From our honeymoon onward, Chris and have I adored the beach. We would spend entire days laying on the sandy shores of Alabama, reading, napping, swimming, and living as if we had no responsibilities.
It was our most freeing happy place in the world.
And then, six years into marriage, we had a baby. A highly anticipated, two-years-in-the-making precious baby girl.
We thought, naturally, that this baby would share our love for the responsibility-free beach trip. We were sure that this baby would also like to spend long days laying on the beach, reading, napping, swimming, and never, EVER throwing a wrench into our responsibility-free happy place.
This was stupid.
So, so stupid.
We mourned the beach. We worried that it would never be the same again. We had soiled our happy place forever and it was time to grow up and face the facts that we would never be free of responsibility ever again.
Even as we regained other selfish freedoms of which we had also mourned, like, say, sleeping through the night, the beach was still work.
Each beach trip onward from that first treacherous infant beach trip (from which we came home and cried in the bathroom floor) has gotten easier and more fun, but our trips have still been inundated with children afraid of waves, afraid of sand, afraid of crabs, needing to nap, and wanting us to – PLAY – with them instead of laying like slobs on the beach.
I am here to proclaim, with joyous exultation, that IT DOES HAPPEN.
The thrill of the beach does in fact return.
I’m not saying that I read a novel while laying on the beach this year, but I did indeed feel that freeness from responsibility and thorough enjoyment of my once was lost but now is found Happy Place.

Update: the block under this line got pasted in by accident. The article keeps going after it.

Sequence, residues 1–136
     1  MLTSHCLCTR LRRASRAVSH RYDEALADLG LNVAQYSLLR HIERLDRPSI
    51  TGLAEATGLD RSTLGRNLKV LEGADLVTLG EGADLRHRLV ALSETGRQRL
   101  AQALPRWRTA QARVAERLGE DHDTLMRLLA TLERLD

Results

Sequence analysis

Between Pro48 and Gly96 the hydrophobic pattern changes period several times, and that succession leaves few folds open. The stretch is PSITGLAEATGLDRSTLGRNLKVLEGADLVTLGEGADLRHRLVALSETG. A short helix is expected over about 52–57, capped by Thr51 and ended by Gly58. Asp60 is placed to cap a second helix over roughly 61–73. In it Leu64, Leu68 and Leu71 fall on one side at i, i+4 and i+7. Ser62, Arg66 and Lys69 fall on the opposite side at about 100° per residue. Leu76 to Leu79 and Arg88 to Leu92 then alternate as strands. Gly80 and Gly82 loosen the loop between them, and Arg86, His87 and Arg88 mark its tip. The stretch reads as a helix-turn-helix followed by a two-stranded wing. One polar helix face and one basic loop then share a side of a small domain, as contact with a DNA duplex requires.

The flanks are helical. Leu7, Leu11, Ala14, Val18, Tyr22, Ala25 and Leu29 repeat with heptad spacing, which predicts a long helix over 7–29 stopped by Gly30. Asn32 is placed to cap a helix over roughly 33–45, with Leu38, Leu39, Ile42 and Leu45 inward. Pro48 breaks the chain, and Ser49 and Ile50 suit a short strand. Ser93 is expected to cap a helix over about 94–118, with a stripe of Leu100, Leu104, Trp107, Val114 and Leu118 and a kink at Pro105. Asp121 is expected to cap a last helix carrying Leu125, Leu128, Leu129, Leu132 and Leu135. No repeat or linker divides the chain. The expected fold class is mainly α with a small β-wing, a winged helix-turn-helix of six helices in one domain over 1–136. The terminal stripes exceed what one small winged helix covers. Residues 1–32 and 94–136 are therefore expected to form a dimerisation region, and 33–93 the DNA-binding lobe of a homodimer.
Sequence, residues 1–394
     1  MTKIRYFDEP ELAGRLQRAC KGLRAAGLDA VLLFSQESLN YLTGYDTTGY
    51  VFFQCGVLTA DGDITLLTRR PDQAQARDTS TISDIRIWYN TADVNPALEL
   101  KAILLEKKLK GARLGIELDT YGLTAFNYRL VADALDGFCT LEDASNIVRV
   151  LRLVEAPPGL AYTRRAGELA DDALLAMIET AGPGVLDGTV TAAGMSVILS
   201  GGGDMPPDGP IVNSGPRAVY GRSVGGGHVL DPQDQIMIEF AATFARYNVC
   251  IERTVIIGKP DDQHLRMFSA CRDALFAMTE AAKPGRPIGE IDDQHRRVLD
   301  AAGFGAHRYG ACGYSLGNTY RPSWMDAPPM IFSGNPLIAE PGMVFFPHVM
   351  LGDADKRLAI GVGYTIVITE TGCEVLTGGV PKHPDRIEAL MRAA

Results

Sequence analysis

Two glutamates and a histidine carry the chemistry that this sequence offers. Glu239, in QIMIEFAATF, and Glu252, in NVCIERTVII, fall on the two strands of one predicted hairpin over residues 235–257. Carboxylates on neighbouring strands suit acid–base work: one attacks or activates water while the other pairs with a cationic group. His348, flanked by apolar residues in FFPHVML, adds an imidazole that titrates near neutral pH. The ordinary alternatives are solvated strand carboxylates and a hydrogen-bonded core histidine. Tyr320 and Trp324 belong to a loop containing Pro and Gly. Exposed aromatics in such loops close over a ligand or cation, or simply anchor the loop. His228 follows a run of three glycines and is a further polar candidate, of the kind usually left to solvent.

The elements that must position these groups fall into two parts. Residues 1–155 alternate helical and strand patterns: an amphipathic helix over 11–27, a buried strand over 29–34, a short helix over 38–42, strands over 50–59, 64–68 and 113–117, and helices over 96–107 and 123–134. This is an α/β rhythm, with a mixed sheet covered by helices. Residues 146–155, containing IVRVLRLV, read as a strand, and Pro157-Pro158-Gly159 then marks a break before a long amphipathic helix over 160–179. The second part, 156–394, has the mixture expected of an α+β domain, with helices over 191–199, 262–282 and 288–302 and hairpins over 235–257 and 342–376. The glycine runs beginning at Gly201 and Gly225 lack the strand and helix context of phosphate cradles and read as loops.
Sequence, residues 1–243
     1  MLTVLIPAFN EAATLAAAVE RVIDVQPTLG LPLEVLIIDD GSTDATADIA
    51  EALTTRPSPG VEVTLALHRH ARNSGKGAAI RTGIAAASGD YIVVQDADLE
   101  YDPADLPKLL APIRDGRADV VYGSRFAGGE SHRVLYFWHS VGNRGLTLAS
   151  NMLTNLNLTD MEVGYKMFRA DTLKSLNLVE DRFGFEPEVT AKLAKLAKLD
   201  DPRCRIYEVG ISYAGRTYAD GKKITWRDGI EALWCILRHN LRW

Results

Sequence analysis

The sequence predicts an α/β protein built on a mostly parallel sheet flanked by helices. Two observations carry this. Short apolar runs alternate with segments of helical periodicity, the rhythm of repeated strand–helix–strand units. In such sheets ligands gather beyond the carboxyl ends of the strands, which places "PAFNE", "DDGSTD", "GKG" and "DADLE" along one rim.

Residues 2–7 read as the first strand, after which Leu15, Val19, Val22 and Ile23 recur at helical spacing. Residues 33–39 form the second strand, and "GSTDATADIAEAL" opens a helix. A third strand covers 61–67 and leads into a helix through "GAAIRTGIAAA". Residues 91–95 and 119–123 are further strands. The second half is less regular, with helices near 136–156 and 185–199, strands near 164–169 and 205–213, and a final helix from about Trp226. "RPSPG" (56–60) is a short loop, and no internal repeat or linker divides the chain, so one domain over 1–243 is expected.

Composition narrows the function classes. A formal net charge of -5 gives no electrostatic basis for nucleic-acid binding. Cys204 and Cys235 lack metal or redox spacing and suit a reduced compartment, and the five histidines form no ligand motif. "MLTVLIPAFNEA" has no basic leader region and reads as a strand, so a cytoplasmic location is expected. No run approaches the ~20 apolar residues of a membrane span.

I had no idea that this would be the Year of Jubilee until I walked the kids down to the beach for the first time.
Chris was gone to buy groceries and I just wanted to check out the scenery, so we were all fully clothed and simply investigating. After all, last I knew, Noah still hated moving water of any sort.
Until he ran in and jumped with no reservations.
And Ali, my even more cautious child, also found great delight in the Gulf.
I finally did remove Noah’s polo shirt, leaving him in his khaki shorts clearly showing his Thomas the Train underwear through the thin cotton as if he were in an upside-down wet T-Shirt contest. But he didn’t care. And neither did I.
And then their friends AJ and Tessa arrived – those with whom we would spend our vacation – and it only got better.
They played together, gloriously un-high-maintenance, as the sun set.
It was a beautiful, glorious thing.
We had regained the blissfulness of The Beach Trip.
And they were fully experiencing it as well – perhaps for the first time ever.
Tessa was even kind enough to stand RIGHT IN THE SUNSET BEAM – without me posing her. These kids are the best.
(For all four night’s sunset photos, click here.)
The next day, when we actually were responsible enough to put our kids in swimsuits, they played for four hours straight – while we mainly sat in our chairs in the surf and watched them.